Home News General GALVmed teams up with Boehringer, Gates Foundation for AAT alliance

News originally published by S&P Global

Multiple partners have created a taskforce to tackle African animal trypanosomiasis. S&P Global’s head of animal health Joseph Harvey spoke to GALVmed’s AAT development program manager Michael Pearce to garner more details about this new alliance.

A new collaboration has brought together partners from industry, academia and government to tackle African animal trypanosomiasis (AAT). The taskforce features the Bill & Melinda Gates Foundation, the UK government’s Foreign Commonwealth and Development Office, Boehringer Ingelheim and GALVmed.

AAT is also known as nagana and is a substantial socio-economic burden to livestock farmers in sub-Saharan Africa. It affects and kills around three million cattle annually. The collaborators aim to develop and make available a new solution to address AAT before 2030. They will conduct research in tandem with other academic and international partners.

Considerable progress has been made in the control of African human trypanosomiasis, which is targeted by the WHO for elimination. However, GALVmed said control of AAT has been limited because it is complex and more challenging to control than human trypanosomiasis. This is due to the diversity of host species, parasites and vector flies involved, as well as the reservoirs of infection in wildlife.

The organization also pointed out existing control tools are considered to be inadequate and there are no vaccines for AAT. Drugs used to treat AAT are “associated with problems of counterfeiting and drug resistance”. GALVmed said most of the countries impacted by AAT are developing nations that have “limited resources to monitor and control endemic livestock diseases”.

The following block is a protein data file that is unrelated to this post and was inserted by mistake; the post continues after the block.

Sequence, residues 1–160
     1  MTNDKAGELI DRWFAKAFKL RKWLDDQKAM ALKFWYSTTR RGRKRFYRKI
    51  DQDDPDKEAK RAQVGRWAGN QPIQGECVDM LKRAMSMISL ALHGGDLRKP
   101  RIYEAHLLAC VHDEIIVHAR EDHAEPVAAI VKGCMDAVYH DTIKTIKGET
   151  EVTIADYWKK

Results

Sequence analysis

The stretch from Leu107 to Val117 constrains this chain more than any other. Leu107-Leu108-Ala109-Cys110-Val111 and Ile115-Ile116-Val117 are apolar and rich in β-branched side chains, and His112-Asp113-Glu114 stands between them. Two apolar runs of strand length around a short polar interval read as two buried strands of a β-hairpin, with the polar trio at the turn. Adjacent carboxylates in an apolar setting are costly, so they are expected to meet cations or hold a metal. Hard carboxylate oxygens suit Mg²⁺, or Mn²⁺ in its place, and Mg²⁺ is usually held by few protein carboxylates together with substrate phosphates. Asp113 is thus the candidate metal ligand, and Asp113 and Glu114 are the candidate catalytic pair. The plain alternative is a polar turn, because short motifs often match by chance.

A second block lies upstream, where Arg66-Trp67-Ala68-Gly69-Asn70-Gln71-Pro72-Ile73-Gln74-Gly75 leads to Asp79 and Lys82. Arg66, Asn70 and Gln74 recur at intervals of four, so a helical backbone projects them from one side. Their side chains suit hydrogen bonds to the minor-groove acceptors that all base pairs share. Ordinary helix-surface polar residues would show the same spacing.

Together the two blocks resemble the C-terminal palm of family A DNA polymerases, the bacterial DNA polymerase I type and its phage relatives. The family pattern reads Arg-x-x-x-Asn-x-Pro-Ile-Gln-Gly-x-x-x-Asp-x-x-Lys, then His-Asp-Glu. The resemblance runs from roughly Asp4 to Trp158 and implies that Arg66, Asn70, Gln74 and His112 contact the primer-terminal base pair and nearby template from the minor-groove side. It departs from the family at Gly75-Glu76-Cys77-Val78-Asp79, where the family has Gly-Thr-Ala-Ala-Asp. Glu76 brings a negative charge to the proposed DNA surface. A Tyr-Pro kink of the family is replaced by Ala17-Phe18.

Michael Pearce told S&P Global Animal Health: “We believe there is a good general awareness of AAT among African farmers. However, accurate diagnosis is challenging because of limited professional veterinary support and veterinary diagnostic services. There is also concern about the extent of counterfeit drugs and the adequacy of treatment with trypanocidal drugs.

“Consulting a wide range of stakeholders, including livestock farmers, local veterinarians and staff in departments of agriculture, has been an essential part of GALVmed’s approach to developing solutions for AAT. Following such consultations, GALVmed developed a series of target product profiles for solutions to AAT, identifying minimum acceptable characteristics and desirable features regarding such things as route of administration, spectrum of efficacy against different trypanosome species and shelf life in tropical conditions.”

Threat of AAT
AAT affects cattle, water buffalo, sheep, goats, horses, pigs, dogs and other species. It is caused by the protozoan parasites Trypanosoma congolense, T vivax and T brucei brucei, and is a major problem in Africa where it is mainly spread by tsetse flies. Infection by T vivax also occurs in northern South America, where it is transmitted by biting flies such as stable flies and horseflies, and has more recently been reported in the Middle East. GALVmed said infectious parasites enter the bloodstream of the host animal and multiply causing fever, weakness, lethargy and anemia, which lead to weight loss, reduced fertility and milk production, and may result in death.